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Last year, New York City’s cost of living was 68.8% higher than the national average. From rent to food to transportation, city living is expensive—yet existing salaries don’t always keep pace. Recognizing the discrepancies between its cost of living and annual take-home pay, property managers like Menowitz Management Corp. began utilizing government programs to provide housing for people below the area’s median income. By going down this road less traveled, Menowitz has found great success.
For the city that never sleeps, New York still has a large need for housing where people can rest their weary heads at night—and affordable housing, at that. In 2014, the city had 3,400,093 total housing units, with 64.2% of its tenants renters—making NYC a land of promise in the real-estate world. For Todd Menowitz of Menowitz Management Corp., the real opportunity now lies in the subsidized housing market, where local competition is low.
Founded 70 years ago by Menowitz’s grandfather, Harold, to develop multifamily units, the firm was eventually taken over by his father, Fred, boasting a portfolio of 4,700 properties in Brooklyn and Queens. Today, Menowitz and his brother, Marc, stand at the helm—with properties spanning the country.
Owning and managing 17,500 multifamily units, and more than 4,350,000 square feet of commercial space across 22 states, Menowitz’s company recently addressed the need for affordable housing in the city of 8.4 million—acquiring subsidized multifamily units with contracts on the property or an attached affordability component.
“What makes affordable housing more lucrative for us is we know how to navigate through the many difficulties involved in obtaining approval and getting through sticky issues that you currently incur as you acquire these properties,” Menowitz explains. “There’s usually less competition and more left on the table if you can navigate through those issues. So the upside is it’s much larger than a typical, conventional multifamily deal.”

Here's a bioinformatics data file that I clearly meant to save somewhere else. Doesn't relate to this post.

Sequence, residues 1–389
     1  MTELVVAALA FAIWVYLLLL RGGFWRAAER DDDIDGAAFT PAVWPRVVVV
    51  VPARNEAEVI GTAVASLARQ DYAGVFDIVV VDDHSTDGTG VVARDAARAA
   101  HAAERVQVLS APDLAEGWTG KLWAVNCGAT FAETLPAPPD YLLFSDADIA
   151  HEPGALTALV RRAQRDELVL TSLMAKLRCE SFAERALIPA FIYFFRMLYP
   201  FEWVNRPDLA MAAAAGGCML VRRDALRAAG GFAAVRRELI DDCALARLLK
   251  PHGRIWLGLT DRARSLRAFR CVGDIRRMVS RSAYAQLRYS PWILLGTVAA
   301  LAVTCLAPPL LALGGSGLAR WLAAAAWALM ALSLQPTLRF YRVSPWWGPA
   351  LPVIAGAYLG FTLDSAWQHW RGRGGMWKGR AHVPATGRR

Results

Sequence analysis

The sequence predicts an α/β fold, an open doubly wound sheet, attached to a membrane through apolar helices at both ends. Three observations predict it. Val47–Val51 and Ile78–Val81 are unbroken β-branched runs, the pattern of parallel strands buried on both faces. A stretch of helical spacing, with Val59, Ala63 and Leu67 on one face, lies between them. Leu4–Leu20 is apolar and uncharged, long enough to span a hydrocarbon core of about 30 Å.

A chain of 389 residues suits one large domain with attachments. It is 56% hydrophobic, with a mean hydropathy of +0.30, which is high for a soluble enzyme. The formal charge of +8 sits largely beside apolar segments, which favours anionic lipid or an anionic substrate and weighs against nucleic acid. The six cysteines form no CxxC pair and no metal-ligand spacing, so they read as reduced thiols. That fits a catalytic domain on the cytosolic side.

Typically in such situations, the subsidies from the federal government or local housing authorities are paid directly to the property owner for the management and offering of the affordable unit—also known as contract-based subsidies. Some properties with the affordability component will have subsidies paid to the tenants.
While Menowitz Management Corp. faces some local competition (it is NYC, after all), they’ve proven successful by jumping on great deals.
“The deals can be tough to find, and it’s a lot of work to get through the process of getting approved by local housing authorities. But that makes our competition a little more limited than just acquiring conventional multifamily deals. There’s definitely competition, but certainly less than in the conventional arena,” he says.
As the firm grows, Menowitz sees its concentration shifting outside of the metropolitan area, where they expect to experience less competition. By self-managing all their properties and building the middle-management tier while developing the multifamily market, he sees the firm acquiring more property in additional locations throughout the country.